Though it stands as one of the better horror remakes to come along in recent memory, 2009’s My Bloody Valentine still only just passes for competent watchability. Though personally unfamiliar with the 1981 original, this conceptually faithful version boasts its own level of sporadically witty self-consciousness via a string of 3-D “gotcha!” moments (my recommendation for DVD viewing: screw the glasses and just watch the movie), renderings its angle as being just silly enough to tread self-parody. Would it have gone all the way and thrown in more distinctive commentary, this resourceful – however occasionally, perhaps deliberately stupid (specifically in the character department; everyone here falls down while running, too) – genre exercise might have been some kind of subversive classic. Instead, in primordially entertaining fashion, it hits all the marks at a healthy stride. An opening slasher spree gruesomely recalls Romero’s Day of the Dead (remember the severed upside down head?), while the central villain – a miner, gone berserk after a cave-in forced him to kill his fellows to conserve air, now possibly back from the dead – suggests Darth Vader’s kinky cousin. The first “kill” is delightfully abusive of the film’s 3-D making, and represents one of the few imaginative examples thereof. If anything, the film deserves to be longer and more exploratory than is ultimately allowed by the climax’s disingenuous contribution to the Donald Kaufman school of thought.
May 29, 2009
Purporting an adrenaline-fueled, kick-ass showcase in which the drive and torment behind the most interesting character of Brian Singer’s X-Men films is revealed, Wolverine – the first in a planned series of prequels – instead feels like a hunk of pasteurized cheese left on a summer day’s asphalt road. Far from the best of the recent superhero films – all of which worked to create their own singular mythology – Wolverine cribs from already recycled clichés and dictates meaning with an insufferable assurance bordering on pomposity. From the young Wolverine’s first bone-claw sprouting, oedipal-infused shout at the moon to the climax in which character motivations toggle like tools to the script, there’s nary a moment therein that doesn’t amount to a predigested void; watching it is like giving penance to a paint-by-numbers kit. Hugh Jackman, for all his impressive flair and brooding, is wasted on material so phoned-in; his iconic embodiment of the character is reduced to transparently badass drivel, while director Gavid Hood applies the same overly schematic storytelling and fakey visual textures that so permeated his prestige films Tsotsi and Rendition – both works of condescending moral inquisition aimed at highbrow guilt. Though his childish storytelling (not childlike; there’s a difference) is more at home in material with all the aspiration of a Happy Meal toy, it doesn’t make watching these barely-emotive action figures any more tolerable. For pure stupidity, nothing tops the scene in which a mutant falls at a descending rate so as to prolong the showing off of its long-since unimpressive superpower.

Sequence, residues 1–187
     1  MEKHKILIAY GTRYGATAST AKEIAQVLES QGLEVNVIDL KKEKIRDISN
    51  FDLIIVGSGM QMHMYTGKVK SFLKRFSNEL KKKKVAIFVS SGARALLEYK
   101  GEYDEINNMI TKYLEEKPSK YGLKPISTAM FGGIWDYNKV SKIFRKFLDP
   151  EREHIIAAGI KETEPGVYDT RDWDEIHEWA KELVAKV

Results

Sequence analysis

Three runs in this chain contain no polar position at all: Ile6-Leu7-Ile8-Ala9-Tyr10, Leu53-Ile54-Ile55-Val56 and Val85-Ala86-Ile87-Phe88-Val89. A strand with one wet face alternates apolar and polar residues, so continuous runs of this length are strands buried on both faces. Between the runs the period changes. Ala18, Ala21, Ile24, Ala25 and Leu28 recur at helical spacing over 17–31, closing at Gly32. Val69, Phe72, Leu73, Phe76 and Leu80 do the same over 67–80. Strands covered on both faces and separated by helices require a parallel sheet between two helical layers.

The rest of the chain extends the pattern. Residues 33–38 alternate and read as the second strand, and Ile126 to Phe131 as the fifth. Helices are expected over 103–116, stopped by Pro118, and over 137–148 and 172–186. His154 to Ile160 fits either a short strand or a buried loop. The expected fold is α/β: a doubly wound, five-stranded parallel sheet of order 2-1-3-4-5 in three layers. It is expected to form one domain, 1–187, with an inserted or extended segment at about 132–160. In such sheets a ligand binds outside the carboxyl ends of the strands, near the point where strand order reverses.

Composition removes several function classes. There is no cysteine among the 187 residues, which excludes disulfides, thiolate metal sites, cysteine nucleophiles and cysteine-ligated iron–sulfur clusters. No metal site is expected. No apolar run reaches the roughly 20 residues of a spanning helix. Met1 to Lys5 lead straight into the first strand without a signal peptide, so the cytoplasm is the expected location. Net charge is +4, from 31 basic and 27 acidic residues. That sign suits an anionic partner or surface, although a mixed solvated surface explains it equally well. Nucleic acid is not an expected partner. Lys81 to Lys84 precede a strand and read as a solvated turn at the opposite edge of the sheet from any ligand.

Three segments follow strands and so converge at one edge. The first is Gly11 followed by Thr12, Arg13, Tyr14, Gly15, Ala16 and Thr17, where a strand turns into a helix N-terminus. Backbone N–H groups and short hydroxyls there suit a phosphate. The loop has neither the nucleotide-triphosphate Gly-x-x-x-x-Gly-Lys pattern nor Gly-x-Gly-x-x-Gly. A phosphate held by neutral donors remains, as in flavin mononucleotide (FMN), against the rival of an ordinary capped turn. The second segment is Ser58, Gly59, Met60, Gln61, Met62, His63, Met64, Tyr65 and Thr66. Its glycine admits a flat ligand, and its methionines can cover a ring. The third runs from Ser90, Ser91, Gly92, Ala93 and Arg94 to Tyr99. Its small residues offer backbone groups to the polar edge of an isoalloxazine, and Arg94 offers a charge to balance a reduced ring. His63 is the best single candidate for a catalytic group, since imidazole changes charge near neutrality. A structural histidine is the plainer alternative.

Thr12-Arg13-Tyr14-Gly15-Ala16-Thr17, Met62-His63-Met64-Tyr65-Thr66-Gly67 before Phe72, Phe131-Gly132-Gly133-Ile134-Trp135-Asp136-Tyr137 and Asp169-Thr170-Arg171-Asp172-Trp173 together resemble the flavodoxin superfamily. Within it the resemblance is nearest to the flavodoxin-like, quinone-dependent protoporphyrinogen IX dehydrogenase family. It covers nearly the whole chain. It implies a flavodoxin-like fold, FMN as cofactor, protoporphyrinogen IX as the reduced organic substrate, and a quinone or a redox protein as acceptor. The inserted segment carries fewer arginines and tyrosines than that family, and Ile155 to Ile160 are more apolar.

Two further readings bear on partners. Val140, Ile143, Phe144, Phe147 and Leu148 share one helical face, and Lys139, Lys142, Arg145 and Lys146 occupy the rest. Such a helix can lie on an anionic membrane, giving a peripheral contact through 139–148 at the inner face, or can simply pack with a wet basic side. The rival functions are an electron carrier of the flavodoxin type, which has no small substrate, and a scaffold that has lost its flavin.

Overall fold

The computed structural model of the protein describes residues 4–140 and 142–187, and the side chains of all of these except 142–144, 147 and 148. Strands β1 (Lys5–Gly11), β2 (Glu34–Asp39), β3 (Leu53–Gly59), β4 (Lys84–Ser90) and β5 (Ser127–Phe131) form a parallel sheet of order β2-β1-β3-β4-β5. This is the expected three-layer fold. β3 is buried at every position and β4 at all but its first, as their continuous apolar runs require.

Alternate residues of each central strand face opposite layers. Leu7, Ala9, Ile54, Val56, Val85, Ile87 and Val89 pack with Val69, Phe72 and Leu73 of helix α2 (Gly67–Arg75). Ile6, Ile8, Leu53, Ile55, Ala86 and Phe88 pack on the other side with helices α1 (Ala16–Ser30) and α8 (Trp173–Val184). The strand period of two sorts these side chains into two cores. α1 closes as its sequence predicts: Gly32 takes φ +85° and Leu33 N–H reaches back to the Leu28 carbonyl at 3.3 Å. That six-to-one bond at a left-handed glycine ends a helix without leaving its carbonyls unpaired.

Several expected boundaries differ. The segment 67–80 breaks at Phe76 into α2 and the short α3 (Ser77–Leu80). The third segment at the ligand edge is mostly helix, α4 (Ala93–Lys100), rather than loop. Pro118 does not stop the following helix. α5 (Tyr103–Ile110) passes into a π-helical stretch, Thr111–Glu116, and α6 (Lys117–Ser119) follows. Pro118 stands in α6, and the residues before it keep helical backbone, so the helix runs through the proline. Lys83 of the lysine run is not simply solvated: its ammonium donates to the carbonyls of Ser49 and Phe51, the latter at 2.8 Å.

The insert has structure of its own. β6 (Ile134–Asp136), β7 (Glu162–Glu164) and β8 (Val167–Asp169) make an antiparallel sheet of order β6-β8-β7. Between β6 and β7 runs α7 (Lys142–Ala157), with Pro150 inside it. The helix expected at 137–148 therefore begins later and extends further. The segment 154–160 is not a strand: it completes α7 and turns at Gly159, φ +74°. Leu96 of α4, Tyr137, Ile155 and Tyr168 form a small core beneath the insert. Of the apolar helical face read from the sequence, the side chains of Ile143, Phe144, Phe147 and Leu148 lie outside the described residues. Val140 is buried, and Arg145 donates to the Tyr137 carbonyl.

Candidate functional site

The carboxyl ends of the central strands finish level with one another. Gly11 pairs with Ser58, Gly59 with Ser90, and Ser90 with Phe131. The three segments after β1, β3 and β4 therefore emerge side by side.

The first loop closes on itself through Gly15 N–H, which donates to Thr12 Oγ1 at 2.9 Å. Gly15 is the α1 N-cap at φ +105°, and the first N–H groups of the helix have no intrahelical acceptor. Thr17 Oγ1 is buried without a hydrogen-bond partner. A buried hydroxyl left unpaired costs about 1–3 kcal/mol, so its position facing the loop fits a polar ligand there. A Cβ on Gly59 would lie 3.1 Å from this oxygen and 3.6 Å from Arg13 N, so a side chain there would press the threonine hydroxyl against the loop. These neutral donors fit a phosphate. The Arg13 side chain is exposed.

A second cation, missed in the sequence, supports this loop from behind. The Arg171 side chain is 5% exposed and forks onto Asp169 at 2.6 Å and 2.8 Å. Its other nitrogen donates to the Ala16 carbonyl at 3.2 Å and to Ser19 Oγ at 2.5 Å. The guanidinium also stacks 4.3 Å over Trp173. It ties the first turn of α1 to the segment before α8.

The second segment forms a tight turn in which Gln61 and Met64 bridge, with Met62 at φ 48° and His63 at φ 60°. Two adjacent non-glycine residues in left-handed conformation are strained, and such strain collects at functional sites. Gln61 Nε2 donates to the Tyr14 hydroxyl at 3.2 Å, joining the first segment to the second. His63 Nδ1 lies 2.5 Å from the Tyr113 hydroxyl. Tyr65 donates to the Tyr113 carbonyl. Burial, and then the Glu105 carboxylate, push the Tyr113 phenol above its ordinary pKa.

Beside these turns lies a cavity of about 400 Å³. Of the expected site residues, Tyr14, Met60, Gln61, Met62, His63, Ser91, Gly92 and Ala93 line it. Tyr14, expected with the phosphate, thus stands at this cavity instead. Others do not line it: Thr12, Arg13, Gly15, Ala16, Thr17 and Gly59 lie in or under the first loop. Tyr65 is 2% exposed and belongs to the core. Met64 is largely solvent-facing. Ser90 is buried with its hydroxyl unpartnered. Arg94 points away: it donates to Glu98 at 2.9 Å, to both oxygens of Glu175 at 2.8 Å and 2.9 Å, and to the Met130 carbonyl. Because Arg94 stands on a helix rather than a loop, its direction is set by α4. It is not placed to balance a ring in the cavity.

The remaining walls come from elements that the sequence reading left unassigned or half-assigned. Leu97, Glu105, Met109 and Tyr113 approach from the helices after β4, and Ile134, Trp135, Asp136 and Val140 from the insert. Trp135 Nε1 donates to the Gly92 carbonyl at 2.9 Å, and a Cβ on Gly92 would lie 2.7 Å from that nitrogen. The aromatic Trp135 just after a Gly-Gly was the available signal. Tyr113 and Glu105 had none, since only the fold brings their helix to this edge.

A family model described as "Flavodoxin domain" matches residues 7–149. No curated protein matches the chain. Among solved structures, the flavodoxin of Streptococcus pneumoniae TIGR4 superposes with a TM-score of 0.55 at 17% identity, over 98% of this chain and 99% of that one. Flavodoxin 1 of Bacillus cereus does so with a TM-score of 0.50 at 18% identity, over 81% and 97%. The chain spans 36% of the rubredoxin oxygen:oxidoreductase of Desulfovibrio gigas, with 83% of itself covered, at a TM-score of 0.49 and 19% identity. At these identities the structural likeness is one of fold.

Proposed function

May 1, 2009
Psychosis reigns in Bride Wars, which should easily one-up any number of sub-par Disney films at the time-honored tradition of perverting the wordly expectations of countless impressionable young girls far and away from any that could be said to reflect reality. Somehow more disconcerting than the blind belief in happily ever after romances, however, is how this film reduces stereotyped cliches into supposedly real-world laughs for the grown-up market – what could be funnier than two best friends acting out of character (which is to say, like total morons) for ninety minutes? Very little, it seems, and so the story of two friends who turn on each other with bared teeth and poised nails when their respective dream weddings are accidentally scheduled on the same day (thus demanding one of them step down, a plot device that seems to have been dropped altogether by the halfway point) gets underway with leaden exposition and a drably unimaginative visual style enough to make one yearn for the comparatively rich complexity of Home Improvement. Narrated with fairy-tale oafishness by Candice Bergen as the elite wedding planner who oversees our two feisty protagonists purportedly epic battle, Bride Wars never challenges the regressive archetypes it swallows wholesale (unlike Legally Blonde, another died-in-the-wool XX title but one that genuinely empowered its pink-infatuated protagonist beyond her immediately superficial qualities), cynically milking laughs from a loveless marriage as if it were nothing more than a deformed sideshow display whilst tossing off lame references to homo and bisexuality with the same verve of a third grade class clown who revels in shouting random obscenities from the back of the classroom. Kate Hudson has long since lowered her standards, but it's hard to not feel bad for Anne Hathaway; in this or any other economic climate, Rachel Getting Married simply doesn't pay the bills.